Although slightly further away, Israel—Iran’s sworn enemy—has voiced frustration at the inability of the international community to stop the Iranian nuclear program. In 1981 the Israeli Air Force executed a daring strike mission against the Osirak nuclear facility in Iraq. Although this tough action drew fierce international condemnation, Israeli leaders never regretted undertaking the mission. A similar Israeli airstrike destroyed a secret Syrian nuclear facility in 2007—only this time, the Israelis did not draw strong criticism from the international community. Iranian President Mahmoud Ahmadinejad has publicly questioned if the holocaust did indeed occur. He also grabbed headlines in 2005 when he mentioned that Israel must be “wiped off the map” when speaking at an annual anti Israel demonstration in Tehran. The Israeli government does not take these threats lightly. Israel is a small nation geographically. If even a single nuclear warhead was detonated within Israel’s borders, her very existence would be threatened. One thing is certain, Israel is capable of, and has a proven record of

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using force when it has felt compelled to do so. If they feel that the threat of nuclear holocaust is imminent, the Israelis will not hesitate to use force, regardless of the consequences. There are several options the international community must develop in order to stop the Iranian regime from being able to develop nuclear weapons. The first option involves diplomatic engagement. In hindsight, it has become evident that the Bush administration missed an opportunity to engage with the thenwilling Iranian regime. President Barack Obama tried to reengage with the Iranians shortly after he became president. Sensing weakness from an overstretched military, the Iranians responded coldly to these attempts at reaching a diplomatic solution. The use of sanctions has often been controversial and difficult because a broad consensus is needed to pass them in the United Nations. Furthermore, there is no guarantee that other nations will not simply ignore these sanctions in the pursuit of lucrative trade deals. Iran has been subjected to several rounds of sanctions which are applying pressure on the regime. Though not a silver bullet, sanctions weaken the Iranian regime from the inside by eroding public willingness to support their brazen policies. The use of military force always catches the most headlines in the media. The Iranian nuclear program was built from its inception to withstand a military strike. With the Osirak attack in mind, the Iranian regime has compartmentalized its nuclear infrastructure in hardened facilities which are located deep underground. If a military strike did indeed occur, most experts believe that it would only be successful in slowing down the Iranian nuclear program by a few of years, at best. One last approach is the use of espionage. Nobody knows who is behind the target assassinations of top Iranian nuclear scientists, but the chilling effects are very real. The discovery of the Stuxnet computer virus has also wreaked havoc on Iranian nuclear hardware. The rapid spread of this advanced computer virus has cast suspicion on Iranian scientists who have access to sensitive areas of the program. Israeli officials estimate that the Stuxnet virus has slowed down the Iranian program by at least three years—making it just as effective, if not more so, than a conventional military operation.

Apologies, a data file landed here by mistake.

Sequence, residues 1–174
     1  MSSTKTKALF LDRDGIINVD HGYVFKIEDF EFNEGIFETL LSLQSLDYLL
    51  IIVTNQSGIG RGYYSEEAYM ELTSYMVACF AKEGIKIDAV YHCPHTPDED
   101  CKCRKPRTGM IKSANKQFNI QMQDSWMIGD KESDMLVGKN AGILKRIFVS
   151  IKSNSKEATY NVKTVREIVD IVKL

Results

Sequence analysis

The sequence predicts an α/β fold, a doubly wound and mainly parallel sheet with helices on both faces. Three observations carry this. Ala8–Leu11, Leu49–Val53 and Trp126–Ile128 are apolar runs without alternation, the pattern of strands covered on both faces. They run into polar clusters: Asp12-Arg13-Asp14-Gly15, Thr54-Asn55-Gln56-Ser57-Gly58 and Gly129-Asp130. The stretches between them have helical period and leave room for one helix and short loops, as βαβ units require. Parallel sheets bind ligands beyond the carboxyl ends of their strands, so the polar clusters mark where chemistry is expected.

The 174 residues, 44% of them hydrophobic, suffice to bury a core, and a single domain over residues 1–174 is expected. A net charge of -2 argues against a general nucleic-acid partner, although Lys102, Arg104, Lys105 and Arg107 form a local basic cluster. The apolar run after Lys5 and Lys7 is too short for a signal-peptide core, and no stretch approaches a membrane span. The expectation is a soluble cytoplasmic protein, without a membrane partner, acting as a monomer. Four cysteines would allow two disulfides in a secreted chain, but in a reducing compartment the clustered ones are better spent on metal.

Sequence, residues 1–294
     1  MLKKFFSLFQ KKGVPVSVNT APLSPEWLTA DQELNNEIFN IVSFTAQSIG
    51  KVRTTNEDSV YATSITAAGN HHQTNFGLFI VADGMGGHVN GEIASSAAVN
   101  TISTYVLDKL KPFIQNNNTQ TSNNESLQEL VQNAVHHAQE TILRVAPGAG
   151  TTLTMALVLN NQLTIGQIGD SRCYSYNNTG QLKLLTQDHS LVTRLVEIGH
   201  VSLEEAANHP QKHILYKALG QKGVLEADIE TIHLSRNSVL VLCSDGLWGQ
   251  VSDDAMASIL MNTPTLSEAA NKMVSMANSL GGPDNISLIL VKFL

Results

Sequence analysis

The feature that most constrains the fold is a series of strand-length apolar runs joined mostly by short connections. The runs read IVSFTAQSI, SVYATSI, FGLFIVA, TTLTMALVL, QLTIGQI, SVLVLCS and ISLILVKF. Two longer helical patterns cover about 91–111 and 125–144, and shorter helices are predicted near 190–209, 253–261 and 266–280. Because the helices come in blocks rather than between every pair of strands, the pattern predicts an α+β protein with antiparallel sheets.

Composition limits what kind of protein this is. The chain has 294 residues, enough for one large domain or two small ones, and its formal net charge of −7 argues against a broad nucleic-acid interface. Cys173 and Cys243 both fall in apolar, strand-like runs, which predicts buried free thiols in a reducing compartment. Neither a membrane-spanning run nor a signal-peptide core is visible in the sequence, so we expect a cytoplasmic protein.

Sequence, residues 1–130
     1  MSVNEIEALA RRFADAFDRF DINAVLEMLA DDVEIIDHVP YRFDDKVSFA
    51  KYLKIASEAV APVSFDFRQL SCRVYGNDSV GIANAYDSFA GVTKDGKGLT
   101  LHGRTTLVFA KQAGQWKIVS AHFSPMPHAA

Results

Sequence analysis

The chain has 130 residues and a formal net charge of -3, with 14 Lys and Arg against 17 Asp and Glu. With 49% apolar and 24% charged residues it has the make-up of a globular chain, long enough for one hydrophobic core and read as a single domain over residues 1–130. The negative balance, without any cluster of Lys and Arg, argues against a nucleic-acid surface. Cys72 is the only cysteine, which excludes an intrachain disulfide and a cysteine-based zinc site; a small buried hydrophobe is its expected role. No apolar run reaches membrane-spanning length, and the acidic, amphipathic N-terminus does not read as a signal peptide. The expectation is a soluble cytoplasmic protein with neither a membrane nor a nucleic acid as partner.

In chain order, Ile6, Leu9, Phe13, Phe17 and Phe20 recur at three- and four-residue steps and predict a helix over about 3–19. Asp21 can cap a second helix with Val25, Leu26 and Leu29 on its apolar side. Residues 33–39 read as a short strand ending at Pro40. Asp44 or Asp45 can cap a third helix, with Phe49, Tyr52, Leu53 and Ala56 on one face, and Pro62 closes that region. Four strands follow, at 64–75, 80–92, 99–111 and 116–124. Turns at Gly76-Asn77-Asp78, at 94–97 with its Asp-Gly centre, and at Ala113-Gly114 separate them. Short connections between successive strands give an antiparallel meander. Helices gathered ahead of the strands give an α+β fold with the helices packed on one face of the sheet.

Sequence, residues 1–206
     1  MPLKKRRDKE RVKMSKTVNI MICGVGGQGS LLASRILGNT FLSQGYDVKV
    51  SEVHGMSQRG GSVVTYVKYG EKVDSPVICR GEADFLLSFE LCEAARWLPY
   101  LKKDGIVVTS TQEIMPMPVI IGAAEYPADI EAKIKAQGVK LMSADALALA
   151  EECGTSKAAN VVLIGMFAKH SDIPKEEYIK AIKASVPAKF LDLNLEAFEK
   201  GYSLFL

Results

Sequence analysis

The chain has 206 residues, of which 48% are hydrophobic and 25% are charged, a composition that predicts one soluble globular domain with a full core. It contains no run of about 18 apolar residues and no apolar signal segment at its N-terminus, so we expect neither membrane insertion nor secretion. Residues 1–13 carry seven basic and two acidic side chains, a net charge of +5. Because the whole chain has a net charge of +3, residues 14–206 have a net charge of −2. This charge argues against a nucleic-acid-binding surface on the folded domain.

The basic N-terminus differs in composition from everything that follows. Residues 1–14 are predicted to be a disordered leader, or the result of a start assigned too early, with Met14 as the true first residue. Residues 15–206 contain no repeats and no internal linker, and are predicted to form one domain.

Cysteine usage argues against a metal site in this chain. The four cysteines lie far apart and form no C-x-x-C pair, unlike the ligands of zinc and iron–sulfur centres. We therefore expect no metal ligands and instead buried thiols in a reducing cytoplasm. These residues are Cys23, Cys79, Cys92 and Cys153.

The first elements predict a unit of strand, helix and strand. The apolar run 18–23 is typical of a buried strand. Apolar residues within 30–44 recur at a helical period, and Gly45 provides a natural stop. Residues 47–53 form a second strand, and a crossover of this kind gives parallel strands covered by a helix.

There is obviously no simple answer to such a complex and intriguing problem. Stuxnet and targeted assassinations of Iranian nuclear scientists have provided very real, but short-term solutions that can only slow down Iran’s nuclear program. The only long term solution that has any possibility of stopping the Iranian nuclear program is regime change. Sanctions—though an external force—have added internal pressure on the regime. Young Iranians are feeling disenfranchised by their government’s inability to meet their daily needs. Many young Iranians have expressed frustration while trying to find jobs in a stagnating economy. They are also upset with ever increasing fuel prices. Although Iran is a net exporter of crude oil, it lacks the refining capability to produce its own gasoline. The rising fuel prices have become especially burdensome to the low and middle class. During the run up to the 2009 Iranian presidential election, young Iranians mentioned that the winds of political change were blowing. President Ahmadinejad’s challenger was a political moderate, concerned with Iran’s internal problems—like job creation—rather than focusing on outside “enemies of the state.” After widespread reports of voting abnormalities, these youthful voters took their demonstrations to the streets of Tehran. The Iranian regime’s heavy handed response underscores the fact that they have lost touch with the will of the people. Unlike the current Iranian regime, the majority of the Iranian people are not obsessed with developing nuclear technology let alone “wiping other nations off the map.” They are more interested in finding meaningful jobs in order to control their own destiny. The international community must keep ratcheting up the pressure on the Iranian regime through the use of sanctions, espionage, and opposition support if it is truly committed to bringing the Iranian nuclear program to a halt. Michael Gillis, a Hinckley Scholar, graduated from the University of Utah with B.S. degrees in Political Science and International Studies. He recently worked in the United States Senate as an aide to Senator Robert. F. Bennett.